Mara Aranda: the undisputed voice of the Mediterranean

Rising to fame after the group L’Ham de Foc’s success, she has become one of the most highly acclaimed names on the 21st Century Spanish music scene. Since 1995 she has toured many parts of the world, performing across Europe, in Morocco and in China , a broad repertoire of traditional song, Sephardic music and original compositions.

For two decades she has researched and sung Turkish, Greek and Occitan music; early, mediaeval and Sephardic song. Her legacy to date includes some 20 albums, much-deserved music awards, and praise from the public and the critics alike.

Mara has worked with such well-known groups as Speculum Ensemble, Oni Wytars and Ensemble Unicorn. Of particular note is her recent work with the group Capella de Ministrers, and their joint albums Els Viatges de Tirant lo Blanch, El Ciclo de la Vida, La Cité des Dames, and her latest Judeo-Spanish production, recorded live at the Palau de la Musica in Valencia, and due to be released in the fall of 2014, La Música Encerrada: Sefarad.

Mara Aranda’s work revolves around the Mediterranean tradition; she has brought a language and beliefs to the world. Never was this more true than with the release of the album Deria (Gallileo-mc, 2009): Ufi’s Independent Music Awards Best World Music Album 2009, and voted Best Album on Catalan Radio’s Hidrògen programme. It was also the most noted Spanish World Music production of 2009; in the World Music Charts Europe Top Ten for four straight months; and the only Spanish group to be mentioned in the Charts’ annual line up. On top of all that, the album was voted Ovidi Montllor Awards Best Folk Album 2009 as well as being nominated for the best lyrics and best arrangement categories.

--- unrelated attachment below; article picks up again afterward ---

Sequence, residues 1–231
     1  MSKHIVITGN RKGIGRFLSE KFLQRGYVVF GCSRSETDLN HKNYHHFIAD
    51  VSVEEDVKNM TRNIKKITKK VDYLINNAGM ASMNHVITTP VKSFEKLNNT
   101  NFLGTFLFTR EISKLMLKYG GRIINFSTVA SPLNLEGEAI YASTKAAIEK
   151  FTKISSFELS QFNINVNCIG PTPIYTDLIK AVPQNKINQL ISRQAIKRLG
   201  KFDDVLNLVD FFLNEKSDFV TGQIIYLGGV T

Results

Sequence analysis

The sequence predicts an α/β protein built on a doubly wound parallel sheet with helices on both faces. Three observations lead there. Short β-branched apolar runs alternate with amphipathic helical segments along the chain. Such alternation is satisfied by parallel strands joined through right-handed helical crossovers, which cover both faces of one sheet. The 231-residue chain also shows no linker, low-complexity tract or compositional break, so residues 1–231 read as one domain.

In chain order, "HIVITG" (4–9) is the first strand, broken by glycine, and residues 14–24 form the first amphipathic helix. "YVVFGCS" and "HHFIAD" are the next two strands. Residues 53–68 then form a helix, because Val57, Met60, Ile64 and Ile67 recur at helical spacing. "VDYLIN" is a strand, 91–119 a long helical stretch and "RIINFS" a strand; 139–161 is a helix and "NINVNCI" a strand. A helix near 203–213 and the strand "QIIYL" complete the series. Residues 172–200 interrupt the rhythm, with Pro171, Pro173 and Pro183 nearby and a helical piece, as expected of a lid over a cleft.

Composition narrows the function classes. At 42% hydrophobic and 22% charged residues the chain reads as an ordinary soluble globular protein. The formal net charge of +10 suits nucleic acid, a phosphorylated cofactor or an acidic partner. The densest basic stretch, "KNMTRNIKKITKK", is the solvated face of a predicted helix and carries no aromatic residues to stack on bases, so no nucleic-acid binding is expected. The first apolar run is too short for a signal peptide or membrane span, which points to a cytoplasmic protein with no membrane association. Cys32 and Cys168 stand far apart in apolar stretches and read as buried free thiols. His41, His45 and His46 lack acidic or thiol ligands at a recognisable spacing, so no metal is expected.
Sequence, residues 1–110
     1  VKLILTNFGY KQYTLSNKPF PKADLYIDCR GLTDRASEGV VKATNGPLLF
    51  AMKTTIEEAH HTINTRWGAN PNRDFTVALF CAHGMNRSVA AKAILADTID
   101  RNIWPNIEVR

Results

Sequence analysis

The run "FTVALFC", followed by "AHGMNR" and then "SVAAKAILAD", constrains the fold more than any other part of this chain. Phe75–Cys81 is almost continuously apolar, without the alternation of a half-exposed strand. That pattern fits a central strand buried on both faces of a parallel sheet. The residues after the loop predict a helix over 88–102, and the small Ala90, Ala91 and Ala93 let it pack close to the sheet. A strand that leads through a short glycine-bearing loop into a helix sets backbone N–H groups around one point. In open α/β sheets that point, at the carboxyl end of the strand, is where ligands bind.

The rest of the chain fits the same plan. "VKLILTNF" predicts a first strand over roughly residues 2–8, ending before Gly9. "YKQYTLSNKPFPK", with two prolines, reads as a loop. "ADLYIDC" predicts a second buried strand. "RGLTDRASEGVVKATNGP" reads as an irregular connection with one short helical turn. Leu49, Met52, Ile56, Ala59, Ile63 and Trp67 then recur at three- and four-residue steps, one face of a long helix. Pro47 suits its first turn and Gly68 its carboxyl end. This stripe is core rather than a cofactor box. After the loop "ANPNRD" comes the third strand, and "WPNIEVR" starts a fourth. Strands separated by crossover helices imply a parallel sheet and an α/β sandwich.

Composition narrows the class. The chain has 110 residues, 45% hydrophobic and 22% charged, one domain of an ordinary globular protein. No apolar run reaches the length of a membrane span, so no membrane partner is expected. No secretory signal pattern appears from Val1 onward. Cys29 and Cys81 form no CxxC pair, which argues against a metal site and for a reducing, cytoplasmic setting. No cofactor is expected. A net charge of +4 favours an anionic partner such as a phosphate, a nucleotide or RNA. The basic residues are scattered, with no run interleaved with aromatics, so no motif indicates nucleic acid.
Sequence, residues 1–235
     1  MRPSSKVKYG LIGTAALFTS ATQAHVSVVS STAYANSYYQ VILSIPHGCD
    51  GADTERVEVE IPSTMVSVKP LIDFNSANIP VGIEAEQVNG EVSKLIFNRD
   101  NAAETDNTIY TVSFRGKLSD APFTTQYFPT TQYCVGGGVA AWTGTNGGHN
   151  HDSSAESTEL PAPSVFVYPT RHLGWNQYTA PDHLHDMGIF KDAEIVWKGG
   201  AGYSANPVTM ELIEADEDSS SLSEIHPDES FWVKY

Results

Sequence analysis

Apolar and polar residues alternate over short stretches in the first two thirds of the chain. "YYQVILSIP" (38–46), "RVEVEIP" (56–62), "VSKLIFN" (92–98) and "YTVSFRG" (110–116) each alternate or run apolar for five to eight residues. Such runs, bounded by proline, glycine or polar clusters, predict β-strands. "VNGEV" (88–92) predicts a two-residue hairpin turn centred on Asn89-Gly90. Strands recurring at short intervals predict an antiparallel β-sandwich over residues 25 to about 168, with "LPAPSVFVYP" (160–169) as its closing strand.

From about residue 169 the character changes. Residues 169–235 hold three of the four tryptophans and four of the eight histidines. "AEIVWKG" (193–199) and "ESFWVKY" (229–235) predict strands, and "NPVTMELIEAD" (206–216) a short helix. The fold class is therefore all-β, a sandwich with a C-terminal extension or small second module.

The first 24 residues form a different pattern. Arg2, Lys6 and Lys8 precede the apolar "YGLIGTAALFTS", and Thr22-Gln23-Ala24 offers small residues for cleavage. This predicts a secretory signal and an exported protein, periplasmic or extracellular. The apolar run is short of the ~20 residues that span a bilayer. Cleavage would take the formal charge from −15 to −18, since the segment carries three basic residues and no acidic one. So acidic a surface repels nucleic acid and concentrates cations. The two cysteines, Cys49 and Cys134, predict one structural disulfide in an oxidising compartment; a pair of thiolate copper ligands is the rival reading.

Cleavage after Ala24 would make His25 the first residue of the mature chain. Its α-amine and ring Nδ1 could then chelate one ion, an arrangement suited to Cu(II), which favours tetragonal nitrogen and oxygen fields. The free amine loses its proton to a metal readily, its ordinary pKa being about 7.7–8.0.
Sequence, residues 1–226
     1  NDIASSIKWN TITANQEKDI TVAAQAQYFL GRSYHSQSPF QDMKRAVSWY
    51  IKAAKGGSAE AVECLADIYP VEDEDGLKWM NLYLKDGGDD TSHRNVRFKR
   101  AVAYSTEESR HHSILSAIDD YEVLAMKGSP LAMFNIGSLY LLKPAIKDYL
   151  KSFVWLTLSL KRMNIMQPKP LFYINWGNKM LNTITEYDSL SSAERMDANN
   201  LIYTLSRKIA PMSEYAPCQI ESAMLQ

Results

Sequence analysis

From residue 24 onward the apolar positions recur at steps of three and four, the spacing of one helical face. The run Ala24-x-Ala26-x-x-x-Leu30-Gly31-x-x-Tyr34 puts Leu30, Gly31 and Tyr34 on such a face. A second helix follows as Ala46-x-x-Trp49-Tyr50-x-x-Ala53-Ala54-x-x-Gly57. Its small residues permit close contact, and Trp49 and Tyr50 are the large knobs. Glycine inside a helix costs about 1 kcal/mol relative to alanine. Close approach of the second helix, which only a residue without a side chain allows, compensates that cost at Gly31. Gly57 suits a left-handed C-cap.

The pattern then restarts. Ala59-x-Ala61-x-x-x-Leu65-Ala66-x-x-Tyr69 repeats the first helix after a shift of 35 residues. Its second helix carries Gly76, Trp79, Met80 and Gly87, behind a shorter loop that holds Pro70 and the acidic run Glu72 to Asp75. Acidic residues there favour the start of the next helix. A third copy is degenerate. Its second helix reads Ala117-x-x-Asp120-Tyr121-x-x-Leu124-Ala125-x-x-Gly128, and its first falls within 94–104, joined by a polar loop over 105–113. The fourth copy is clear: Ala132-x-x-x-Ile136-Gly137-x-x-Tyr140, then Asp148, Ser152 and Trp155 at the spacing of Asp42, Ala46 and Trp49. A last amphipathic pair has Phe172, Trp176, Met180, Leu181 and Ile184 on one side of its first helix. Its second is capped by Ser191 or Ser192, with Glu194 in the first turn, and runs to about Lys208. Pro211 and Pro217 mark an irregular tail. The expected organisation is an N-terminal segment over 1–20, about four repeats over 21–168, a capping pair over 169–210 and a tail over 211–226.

The new album Lo Testament (Bureo Musiques, 2013) is just as convincing as Deria, being nominated for the Ovidi Montllor Awards Best Folk Album 2013 just hours after being released.

Dedicated to musical composition and interpretation, and influenced by early musical roots, Mara Aranda will never stop experimenting in other creative fields such as the visual arts, literature or photography. Over the last few years, as a result of her eclectic interests, she has started studying different singing techniques.

The first group in which she actively participated was Cendraires in 1990, along with Joansa Maravilla and Néstor Mont. Their first and only album was recorded in 1998.

As an active participant in the Sete Sóis Sete Luas Festival, she has taken part in international projects with Luigi Cinque, for his record Alentejo Story Concert (2005) inspired by Saramago’s novel Levantado do Chão along with Elena Ledda. Follwing this, she teamed up with the Algerian singer and composer Akim El Sikameya to record a DVD and go on international tour. El Sikameya had put together for his Med’Set Orchestra musicians from across the Mediterranean: from Andalusia and Valencia; from La Toscana and Sicily; from Portugal and Greece. Then in 2012 she took part in the Sete Luas Orchestra with Mario Incudine as a director, touring Europe speading her key message: coexistence and fusion of Mediterranean cultures.

She has worked with such Spanish artists as David Cervera and Miquel Gil from Valencia. She worked together with David Cervera on his album Talaud in 2004. This was a fusion of traditional Mediterranean culture and classical music with avant-garde elements. She was key participant with Miquel Gil on his album Organic.

Motivated by her desire to study and research traditional music, she travelled and lived in Crete during 2003 and 2004. There she met Ross Daly and learnt about his musical and educational project in Labyrinthos. She also attended a seminar on Bulgarian music and voice given by Tzvetanka Varimezova, Director of the Bulgarian National Radio Folk Orchestra. In 2005, she returned to Thessaloniki, Greece where she studied folklore, traditional vocals and music in depth. She got to grips with religious Byzantine chant at the En Chordais academy with Drossos Kutsokostas.